Deciding to donate a kidney can be a big decision. Donating to someone you've never met is a whole different story. That wasn't an issue for one Mississippi woman who helped out a man in Oklahoma.
Just a little over a week ago, Anna Cannington donated her kidney to 43-year-old Dustin Rippetoe.
“I said, I think I can do that, I think I can help this person,” she recalled.
Rippetoe has Berger's disease, which is a disease that occurs when an antibody called “immunoglobulin A” builds up in your kidneys and causes inflammation that, over time, can hamper a kidney’s ability to filter waste from the blood.
Rippetoe went on the transplant list in late 2017.
“It was pretty grim,” he said.
Two other donors, a friend and family member, had fallen through.
Cannington lives on the Gulf Coast of Mississippi, and she saw a story on the local news about someone donating a kidney to a stranger. That motived her to contact Rippetoe, who is a member of the same strength training community.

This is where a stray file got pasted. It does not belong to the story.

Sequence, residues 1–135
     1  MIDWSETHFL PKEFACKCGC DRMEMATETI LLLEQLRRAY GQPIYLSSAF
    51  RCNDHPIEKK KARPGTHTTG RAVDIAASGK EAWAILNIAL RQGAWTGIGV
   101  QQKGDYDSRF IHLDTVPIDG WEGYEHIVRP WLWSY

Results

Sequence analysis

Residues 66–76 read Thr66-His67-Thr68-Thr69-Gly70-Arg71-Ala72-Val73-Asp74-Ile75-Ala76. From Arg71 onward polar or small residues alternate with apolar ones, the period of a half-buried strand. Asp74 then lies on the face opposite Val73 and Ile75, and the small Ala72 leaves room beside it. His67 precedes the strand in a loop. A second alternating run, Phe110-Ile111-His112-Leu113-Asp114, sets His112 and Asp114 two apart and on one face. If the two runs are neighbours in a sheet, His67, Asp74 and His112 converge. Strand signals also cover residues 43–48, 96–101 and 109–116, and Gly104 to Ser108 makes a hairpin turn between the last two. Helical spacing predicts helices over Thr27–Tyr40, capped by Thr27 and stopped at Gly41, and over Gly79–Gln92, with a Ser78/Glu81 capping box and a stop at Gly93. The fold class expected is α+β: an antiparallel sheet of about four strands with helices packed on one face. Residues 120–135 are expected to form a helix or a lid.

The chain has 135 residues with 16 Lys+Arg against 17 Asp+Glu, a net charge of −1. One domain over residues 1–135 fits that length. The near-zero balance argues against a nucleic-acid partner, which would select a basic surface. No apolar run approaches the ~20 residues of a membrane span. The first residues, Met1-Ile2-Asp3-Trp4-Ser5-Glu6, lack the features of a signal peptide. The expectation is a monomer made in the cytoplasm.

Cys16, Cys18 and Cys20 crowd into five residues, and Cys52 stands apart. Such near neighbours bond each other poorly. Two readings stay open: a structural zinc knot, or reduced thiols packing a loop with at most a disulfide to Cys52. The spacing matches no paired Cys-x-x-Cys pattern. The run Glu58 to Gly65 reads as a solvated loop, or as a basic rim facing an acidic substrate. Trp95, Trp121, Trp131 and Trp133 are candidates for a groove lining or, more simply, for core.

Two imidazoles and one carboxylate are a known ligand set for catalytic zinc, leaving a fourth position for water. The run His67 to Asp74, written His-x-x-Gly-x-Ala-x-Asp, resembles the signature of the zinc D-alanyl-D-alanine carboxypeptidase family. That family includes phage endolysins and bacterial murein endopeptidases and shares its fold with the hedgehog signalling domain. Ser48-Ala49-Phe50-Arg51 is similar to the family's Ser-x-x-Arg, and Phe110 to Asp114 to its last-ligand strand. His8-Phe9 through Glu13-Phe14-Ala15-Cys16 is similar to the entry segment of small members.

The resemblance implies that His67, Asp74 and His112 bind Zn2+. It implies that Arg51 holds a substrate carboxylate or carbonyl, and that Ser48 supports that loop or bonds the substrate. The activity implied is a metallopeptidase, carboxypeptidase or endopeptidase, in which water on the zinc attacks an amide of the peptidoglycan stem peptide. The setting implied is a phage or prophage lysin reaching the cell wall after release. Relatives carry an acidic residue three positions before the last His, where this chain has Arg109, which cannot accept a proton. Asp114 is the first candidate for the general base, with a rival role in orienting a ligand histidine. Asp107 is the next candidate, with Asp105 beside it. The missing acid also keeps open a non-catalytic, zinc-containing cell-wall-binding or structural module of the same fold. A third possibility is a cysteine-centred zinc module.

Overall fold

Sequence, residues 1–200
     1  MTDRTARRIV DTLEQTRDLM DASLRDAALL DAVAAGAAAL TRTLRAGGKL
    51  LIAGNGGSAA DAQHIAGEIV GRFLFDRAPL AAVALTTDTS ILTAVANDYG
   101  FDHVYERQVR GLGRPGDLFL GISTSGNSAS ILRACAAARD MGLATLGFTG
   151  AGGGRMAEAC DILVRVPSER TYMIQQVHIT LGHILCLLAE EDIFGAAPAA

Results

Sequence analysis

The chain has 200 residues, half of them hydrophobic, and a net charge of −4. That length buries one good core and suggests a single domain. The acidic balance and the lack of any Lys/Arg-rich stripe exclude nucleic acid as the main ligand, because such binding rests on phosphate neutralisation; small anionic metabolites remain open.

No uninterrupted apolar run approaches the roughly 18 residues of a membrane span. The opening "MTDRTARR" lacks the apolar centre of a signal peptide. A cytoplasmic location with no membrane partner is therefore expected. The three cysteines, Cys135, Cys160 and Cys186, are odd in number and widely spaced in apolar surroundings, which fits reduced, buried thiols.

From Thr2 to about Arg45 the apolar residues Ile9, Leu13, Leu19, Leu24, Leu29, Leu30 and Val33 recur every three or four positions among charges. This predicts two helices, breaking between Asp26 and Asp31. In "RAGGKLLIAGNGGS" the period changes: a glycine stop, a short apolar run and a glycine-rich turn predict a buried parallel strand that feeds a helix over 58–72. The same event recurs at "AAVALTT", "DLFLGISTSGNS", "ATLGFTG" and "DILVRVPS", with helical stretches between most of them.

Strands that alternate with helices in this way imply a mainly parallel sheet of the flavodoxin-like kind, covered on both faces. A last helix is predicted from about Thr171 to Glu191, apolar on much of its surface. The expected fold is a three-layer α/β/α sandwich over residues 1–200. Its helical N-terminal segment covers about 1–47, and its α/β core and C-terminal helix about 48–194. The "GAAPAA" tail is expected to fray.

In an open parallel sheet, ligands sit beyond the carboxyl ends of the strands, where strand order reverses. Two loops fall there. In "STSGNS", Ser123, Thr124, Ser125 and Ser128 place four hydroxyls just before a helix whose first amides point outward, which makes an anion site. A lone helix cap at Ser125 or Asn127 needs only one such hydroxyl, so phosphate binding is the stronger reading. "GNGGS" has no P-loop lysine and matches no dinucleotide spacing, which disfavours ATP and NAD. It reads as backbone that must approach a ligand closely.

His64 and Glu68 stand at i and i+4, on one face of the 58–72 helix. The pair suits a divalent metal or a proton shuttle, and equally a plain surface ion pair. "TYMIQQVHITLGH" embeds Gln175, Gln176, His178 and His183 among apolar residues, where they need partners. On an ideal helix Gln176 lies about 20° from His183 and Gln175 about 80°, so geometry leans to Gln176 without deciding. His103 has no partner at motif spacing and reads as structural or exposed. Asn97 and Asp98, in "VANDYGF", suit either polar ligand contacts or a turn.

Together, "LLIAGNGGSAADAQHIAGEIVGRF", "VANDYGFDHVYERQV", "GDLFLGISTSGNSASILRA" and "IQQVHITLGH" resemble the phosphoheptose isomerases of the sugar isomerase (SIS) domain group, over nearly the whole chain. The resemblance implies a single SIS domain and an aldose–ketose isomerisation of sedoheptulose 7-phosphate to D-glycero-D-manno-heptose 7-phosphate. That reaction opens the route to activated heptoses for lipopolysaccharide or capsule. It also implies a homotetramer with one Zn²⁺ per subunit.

“I was a little surprised, but I wasn’t in position to say no. I look at my 4-year-old son. I have to be there for him,” said Rippetoe. “There was no hesitation.”
There was no hesitation for Cannington either, and on Monday she gave her right kidney to Rippetoe.
“Everyone says a stranger gave you a kidney,” said Rippetoe. “A stranger didn’t give me a kidney, just someone I hadn’t met yet.”
Soon, Cannington and Rippetoe were both up and around. And now, Rippetoe says he feels better than he has in years.
“That one courageous act, she saved my life and let me be a rough and tumble dad to my 4-year-old,” he said.
Cannington hopes that her story, just like the one she saw, can motivate others to do the same.
“Everybody has that thing they can do to help somebody, help your community, help that individual, and when you see that thing, just go do it,” she said. “This was that thing for me.”
If you are interested in becoming a donor click here and/or here.